Quarterly checks on 70 million bank accounts as Schedule 7 to Immigration Act 2016 comes into effect
New immigration checks on bank accounts to be introduced in 2018
25 September 2017
New Statutory Instruments laid last week will bring into force further measures in the Immigration Act 2014 and the Immigration Act 2016 to prevent migrants who are in the UK illegally from operating bank accounts.
The measures attracted widespread media coverage, with the Guardian reporting that banks and building societies are set to carry out immigration checks on 70 million current accounts from January.
According to the Guardian, the immigration checks (see Schedule 7 to the Immigration Act 2016) will be carried out quarterly and the Home Office expects to identify 6,000 visa overstayers, failed asylum seekers and foreign national offenders facing deportation in the first year.
A Home Office spokesman told the BBC: "We are developing an immigration system which is fair to people who are here legally, but firm with those who break the rules. Everyone in society can play their part in tackling illegal migration."
Philip Augar, a former board member of TSB Bank and a former Home Office employee, warned, however, that the new measures could prove an "absolute nightmare".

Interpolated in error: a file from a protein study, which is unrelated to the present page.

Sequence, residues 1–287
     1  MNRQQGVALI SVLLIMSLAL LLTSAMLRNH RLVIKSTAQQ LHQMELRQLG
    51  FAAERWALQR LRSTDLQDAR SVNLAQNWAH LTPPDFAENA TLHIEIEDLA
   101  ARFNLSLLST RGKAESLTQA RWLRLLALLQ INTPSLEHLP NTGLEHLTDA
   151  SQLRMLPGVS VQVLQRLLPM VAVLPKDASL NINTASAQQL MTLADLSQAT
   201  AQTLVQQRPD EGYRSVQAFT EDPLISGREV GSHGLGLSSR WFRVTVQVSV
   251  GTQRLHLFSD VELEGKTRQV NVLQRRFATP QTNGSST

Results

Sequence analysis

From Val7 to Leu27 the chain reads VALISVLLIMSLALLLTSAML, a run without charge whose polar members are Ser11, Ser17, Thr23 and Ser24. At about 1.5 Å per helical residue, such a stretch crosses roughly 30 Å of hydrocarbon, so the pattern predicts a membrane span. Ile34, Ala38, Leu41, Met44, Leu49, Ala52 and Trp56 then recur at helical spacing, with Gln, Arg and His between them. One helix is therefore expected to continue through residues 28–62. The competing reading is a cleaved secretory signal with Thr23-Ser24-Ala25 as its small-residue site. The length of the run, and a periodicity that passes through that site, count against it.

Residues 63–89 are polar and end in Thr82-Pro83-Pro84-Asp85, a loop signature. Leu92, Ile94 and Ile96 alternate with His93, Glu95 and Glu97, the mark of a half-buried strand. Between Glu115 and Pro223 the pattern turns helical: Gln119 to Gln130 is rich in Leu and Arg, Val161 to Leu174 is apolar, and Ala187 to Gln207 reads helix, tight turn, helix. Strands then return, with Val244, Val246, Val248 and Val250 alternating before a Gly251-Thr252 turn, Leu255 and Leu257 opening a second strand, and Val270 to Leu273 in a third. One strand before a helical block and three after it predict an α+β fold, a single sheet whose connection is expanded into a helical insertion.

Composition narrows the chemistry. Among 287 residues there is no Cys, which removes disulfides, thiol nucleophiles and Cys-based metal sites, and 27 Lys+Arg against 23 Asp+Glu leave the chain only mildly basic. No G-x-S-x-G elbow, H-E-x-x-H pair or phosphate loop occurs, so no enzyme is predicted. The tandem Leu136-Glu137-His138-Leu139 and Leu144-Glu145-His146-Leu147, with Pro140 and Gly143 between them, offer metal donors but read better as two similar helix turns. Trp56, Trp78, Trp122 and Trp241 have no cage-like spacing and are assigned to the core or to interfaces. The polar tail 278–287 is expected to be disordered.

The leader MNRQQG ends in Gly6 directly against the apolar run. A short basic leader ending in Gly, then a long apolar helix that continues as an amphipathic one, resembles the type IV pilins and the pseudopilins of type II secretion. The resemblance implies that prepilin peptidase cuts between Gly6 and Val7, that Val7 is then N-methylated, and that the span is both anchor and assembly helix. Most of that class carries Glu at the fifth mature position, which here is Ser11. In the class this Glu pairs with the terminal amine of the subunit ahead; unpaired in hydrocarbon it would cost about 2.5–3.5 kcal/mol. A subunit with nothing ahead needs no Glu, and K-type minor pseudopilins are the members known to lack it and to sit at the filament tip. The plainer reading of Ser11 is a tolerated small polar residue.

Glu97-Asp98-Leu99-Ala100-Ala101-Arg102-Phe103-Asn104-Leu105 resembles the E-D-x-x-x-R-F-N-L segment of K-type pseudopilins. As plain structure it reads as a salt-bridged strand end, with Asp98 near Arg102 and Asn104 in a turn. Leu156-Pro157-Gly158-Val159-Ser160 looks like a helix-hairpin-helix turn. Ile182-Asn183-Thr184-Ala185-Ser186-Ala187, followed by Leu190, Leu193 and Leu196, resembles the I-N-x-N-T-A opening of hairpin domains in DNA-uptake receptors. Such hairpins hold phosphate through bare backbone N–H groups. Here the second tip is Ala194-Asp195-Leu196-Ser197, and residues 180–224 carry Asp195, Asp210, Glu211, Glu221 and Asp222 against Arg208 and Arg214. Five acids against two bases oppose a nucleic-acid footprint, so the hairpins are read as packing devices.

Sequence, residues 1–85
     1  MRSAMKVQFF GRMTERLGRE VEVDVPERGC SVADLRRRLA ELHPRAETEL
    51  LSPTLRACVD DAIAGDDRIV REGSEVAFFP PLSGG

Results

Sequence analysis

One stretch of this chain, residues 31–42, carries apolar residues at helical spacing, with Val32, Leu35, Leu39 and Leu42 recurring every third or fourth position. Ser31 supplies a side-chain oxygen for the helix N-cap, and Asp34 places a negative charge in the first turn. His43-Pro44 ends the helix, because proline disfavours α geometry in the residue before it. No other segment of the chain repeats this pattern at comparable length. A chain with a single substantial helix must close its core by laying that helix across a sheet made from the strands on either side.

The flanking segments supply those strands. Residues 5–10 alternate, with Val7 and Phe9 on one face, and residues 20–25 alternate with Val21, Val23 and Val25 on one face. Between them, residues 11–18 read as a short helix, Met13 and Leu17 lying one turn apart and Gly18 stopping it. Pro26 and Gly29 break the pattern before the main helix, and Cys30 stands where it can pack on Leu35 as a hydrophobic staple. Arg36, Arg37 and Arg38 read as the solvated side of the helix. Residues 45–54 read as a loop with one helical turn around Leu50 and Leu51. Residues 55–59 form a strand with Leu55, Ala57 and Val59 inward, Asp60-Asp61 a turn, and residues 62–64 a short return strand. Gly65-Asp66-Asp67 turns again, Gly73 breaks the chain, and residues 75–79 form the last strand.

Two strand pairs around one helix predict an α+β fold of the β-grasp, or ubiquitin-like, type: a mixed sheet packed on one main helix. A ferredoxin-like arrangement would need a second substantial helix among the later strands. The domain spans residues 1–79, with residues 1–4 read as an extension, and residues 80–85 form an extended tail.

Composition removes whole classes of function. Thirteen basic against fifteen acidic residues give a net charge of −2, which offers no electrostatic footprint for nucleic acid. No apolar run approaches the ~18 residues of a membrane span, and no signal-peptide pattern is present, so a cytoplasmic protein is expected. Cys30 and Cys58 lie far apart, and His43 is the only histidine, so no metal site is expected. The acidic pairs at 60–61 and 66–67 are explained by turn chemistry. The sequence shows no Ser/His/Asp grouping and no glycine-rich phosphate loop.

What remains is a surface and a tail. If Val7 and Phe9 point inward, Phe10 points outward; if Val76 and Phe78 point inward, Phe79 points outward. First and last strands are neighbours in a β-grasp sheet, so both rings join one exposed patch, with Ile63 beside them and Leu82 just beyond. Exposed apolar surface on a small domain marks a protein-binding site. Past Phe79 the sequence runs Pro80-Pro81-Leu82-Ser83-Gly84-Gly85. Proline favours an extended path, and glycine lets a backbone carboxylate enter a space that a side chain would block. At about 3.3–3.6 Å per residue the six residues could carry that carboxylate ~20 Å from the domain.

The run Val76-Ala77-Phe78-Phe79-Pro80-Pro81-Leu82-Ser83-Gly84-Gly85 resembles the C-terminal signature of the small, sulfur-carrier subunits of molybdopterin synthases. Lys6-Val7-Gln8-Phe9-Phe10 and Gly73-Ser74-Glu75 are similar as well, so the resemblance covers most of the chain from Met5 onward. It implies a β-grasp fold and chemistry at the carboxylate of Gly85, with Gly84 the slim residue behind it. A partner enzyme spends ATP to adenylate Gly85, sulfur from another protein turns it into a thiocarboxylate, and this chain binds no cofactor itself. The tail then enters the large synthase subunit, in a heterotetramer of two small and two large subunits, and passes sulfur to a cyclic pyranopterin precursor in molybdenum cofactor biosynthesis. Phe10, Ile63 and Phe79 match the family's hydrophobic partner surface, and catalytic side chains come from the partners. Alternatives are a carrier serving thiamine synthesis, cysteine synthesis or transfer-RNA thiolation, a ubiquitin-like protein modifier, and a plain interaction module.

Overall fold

Augar told the BBC: "This is in the hands of the Home Office and the banks, neither of which are exactly known for flawless execution. What happens when something goes wrong - if a bank account is frozen and the owner is entirely legal or if they've simply got the wrong name? Resolving those situations will be, in some cases, smoothly done, but I can imagine it being an absolute nightmare for some poor individuals. The problem is going to be multiple names will come up, the wrong names and bank accounts will be frozen, and it is how this is resolved, that will be the difficulty."
Satbir Singh, the chief executive of the Joint Council for the Welfare of Immigrants (JCWI), told the Guardian: "The government's own record shows it cannot be trusted even to implement this system properly. Immigration status is very complex, and the Home Office consistently gives out incorrect information and guidance. Migrants and ethnic minorities with every right to be here will be affected by the imposition of these new checks."
The New Statesman warned that freezing immigrants' bank accounts makes Britain look "more and more dystopian."
On Friday, the Guardian highlighted how a 2016 report by the Chief Inspector of Borders and Immigration found mistakes in Home Office records meant there was a 10% error rate in immigration status checks for new bank accounts.
You can read the October 2016 report by the Chief Inspector on the 'hostile environment' measures relating to driving licences and bank accounts here.